4.) Considering requests for changes to hours of work or flexible working relating to a worker’s religion or belief 

Many religions or beliefs have specific times or days that may have more importance than other times, they may require to pray at certain times of day, or to have finished work by a particular time. Some Jews will finish work before sunset on Friday in order to avoid working on their Sabbath, and will not work again until after sunset on Saturday. Devout Christians may not wish to work on Sunday, etc. Other religions have particular times or certain days of the year with restrictive practices such as Islam, where Ramadan requires extended periods of fasting. Special arrangements to support workers through a fasting period is good practice. 

Applying a rule regarding particular rest breaks or finishing work by a particular time needs to objectively justified, otherwise this may be indirect discrimination because of religion or belief. 

The equality and human rights commission gives three examples: 

  • An employer imposes a permanent work rota requiring occasional Sunday working. One employee is an active Christian. When the woman accepted the job six months earlier she had told her company that she was unable to work on a Sunday because of her faith. This was accepted at the time. She resigns when told that the change to working Sundays is non-negotiable. This rule has a worse impact on the woman and other Christians for whom Sunday observance is a manifestation of their religion. Applying the rule will be indirect discrimination because of religion or belief unless the employer can objectively justify it.
  • A small manufacturing company needs its staff to take their breaks at set times because of the manufacturing process which requires that a process has to be complete before equipment can be left. A worker for whom praying at particular times of the day is a requirement of their religion asks if they can take their breaks at the times when they need to pray, making up the time over the course of the rest of the day. The company considers the request by looking at the impact on the business. Refusing the request may be indirect discrimination because of religion or belief unless the employer can objectively justify it, which it may be able to do if, for example, there is no alternative way of doing the work.
  • A large catering company employs a large number of Muslim workers. During Ramadan, when the Muslim workers are fasting as an integral part of their religion, the employer allows them to take extra breaks to help out generally.

5.) Considering requests for changes to hours of work or flexible working relating to a worker’s gender reassignment 

A workers right to request flexible working should not be treated less seriously because it is being made by a transsexual person.  

For example:  

A transsexual person asks their employer if they can compress their working hours into 9 days out of every 10. This is so that on the tenth day they can attend an appointment related to the process of gender reassignment. The employer decides to agree to the request. This is because they have looked at their organisation’s needs and would have agreed such a request if it had been made by someone who was not undergoing gender reassignment. If they had refused because the worker is a transsexual person, this would be direct discrimination because of gender reassignment. 

The legislation details far more regarding discrimination as regards time off and age, disability, religion and belief, gender reassignment, pregnancy (sickness and antenatal care) and maternity, paternity and adoption leave. Indeed, this blog has barely scraped the surface of the Equality Act 2010.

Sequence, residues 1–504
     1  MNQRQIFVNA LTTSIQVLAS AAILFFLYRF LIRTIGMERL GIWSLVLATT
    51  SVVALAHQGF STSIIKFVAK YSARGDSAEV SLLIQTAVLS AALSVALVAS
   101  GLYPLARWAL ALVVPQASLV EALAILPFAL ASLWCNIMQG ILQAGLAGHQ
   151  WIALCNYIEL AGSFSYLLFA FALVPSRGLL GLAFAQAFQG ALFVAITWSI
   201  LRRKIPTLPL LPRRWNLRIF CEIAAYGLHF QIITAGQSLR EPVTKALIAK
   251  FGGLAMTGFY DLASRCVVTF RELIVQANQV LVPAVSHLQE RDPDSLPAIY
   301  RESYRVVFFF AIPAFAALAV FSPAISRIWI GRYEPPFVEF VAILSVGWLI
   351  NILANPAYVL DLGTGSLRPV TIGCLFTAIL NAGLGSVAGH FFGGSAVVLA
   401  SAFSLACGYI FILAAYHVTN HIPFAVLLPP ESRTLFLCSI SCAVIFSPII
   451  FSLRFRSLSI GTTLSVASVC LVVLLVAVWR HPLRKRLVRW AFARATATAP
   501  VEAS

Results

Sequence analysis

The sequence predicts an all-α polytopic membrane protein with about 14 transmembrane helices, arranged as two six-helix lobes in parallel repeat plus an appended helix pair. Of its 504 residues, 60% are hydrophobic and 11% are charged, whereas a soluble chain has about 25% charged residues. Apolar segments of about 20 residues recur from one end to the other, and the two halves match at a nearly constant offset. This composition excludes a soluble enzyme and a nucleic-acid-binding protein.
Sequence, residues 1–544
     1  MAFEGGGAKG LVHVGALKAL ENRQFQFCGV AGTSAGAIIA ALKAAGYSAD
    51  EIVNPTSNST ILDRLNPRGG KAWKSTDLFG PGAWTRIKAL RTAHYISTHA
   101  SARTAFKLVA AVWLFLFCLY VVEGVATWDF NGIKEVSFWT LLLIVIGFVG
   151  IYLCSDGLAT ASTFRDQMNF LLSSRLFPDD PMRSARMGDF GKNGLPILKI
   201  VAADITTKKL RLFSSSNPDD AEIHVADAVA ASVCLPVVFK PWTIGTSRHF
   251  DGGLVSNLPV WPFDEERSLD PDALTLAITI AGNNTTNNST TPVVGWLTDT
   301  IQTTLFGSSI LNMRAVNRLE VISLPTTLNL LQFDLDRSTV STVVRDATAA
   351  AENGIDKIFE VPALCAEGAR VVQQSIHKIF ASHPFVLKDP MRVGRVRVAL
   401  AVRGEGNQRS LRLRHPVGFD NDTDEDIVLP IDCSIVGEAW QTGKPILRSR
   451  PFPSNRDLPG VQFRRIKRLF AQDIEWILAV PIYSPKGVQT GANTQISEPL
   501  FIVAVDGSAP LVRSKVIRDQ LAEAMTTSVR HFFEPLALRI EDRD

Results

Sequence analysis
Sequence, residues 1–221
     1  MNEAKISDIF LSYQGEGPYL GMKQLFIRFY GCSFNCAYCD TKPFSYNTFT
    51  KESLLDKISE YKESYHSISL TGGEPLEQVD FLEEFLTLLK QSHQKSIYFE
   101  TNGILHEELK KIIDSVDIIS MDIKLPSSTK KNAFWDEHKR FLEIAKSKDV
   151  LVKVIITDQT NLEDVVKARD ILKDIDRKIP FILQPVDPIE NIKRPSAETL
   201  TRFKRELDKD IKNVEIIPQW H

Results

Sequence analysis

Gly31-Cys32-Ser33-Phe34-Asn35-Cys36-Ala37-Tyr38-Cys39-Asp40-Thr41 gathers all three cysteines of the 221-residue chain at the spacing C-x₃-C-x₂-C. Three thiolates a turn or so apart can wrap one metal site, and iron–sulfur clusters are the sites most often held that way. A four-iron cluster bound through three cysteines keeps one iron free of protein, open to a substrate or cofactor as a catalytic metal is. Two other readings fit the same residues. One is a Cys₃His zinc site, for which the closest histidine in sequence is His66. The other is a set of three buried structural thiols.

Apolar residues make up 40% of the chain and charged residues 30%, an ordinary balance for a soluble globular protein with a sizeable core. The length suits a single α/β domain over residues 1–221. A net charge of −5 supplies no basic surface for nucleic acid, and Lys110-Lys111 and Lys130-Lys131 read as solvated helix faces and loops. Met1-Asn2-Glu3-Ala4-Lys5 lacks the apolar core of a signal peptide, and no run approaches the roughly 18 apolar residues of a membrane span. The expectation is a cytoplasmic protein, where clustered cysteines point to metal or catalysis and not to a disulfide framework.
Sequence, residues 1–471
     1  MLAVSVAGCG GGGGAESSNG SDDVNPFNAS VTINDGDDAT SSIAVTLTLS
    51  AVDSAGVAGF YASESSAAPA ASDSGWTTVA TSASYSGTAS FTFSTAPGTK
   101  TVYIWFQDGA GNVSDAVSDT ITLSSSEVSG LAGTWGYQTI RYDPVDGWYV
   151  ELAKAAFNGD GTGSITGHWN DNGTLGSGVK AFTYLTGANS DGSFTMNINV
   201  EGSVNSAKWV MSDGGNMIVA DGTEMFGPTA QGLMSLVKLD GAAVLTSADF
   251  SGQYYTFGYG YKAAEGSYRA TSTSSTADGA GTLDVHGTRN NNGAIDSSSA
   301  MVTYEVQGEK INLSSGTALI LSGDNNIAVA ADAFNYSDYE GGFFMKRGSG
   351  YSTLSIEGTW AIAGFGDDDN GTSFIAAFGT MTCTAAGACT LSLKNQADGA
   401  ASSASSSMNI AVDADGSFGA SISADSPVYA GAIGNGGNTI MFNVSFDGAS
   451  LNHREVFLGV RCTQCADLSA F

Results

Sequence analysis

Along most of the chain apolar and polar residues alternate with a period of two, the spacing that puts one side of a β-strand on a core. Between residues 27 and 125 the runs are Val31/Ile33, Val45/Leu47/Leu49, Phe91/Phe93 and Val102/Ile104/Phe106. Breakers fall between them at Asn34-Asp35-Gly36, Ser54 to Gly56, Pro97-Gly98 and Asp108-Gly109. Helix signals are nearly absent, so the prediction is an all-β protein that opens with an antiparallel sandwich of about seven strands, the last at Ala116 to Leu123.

But in general, it is seen that organisations have a legal duty to protect the health and wellbeing of their employees. They must therefore consider how any current workers with all these protected characteristics are being treated within their organisation. Any culture of bullying or harassment through “office banter” can leave organisations legally liable. They must ensure they are maintaining a zero-tolerance approach and any acts of misconduct in this area will not be tolerated. 

All of this can add complexity to shift pattern design and working arrangements.   

Whatever your business and whatever adaptations you need to make, Crown Workforce Management can manage your future flexible working solutions – monitoring hours usage, absence and planning day to day flexibility requirements, giving you sight of remote attendance and hours worked. Indeed, we thrive on complexity: it is what sets us out from the crowd. Local and national government organisations and many of the UK’s police forces, as well as numerous commercial corporations, use Crown WFM to ensure that these additional flexibilities of both time and location are managed well. 

Ask yourself:  

  • Does my organisation have working patterns and wider arrangements that account for the availability of staff and the different demographics within the workforce? 
  • Do you have adequate workforce management processes and systems that protect workers’ rights and ensure that everyone is treated equitably?  
  • Are you doing enough as a business to make sure that work is working for everyone?    

Let us help you to develop and manage effective, flexible and productive work arrangements:  

  • Plan long term rosters that meet predicted future demand and work flexibly in the medium to short-term to meet new changes to operational needs  
  • Capture unprecedented levels of information about the real hours staff work and what they are working on.  
  • Allow for detailed analysis, to inform the most appropriate future schedules and enable clear decision-making. 
  • Ensure more efficient and accurate payroll processing and much more. 

For the benefit of your business future, it’s time to step up and adopt a smarter way of managing your people. Book a demo, see for yourself how Crown can manage the increasingly complex jigsaw of working requirements and help unlock your true business potential.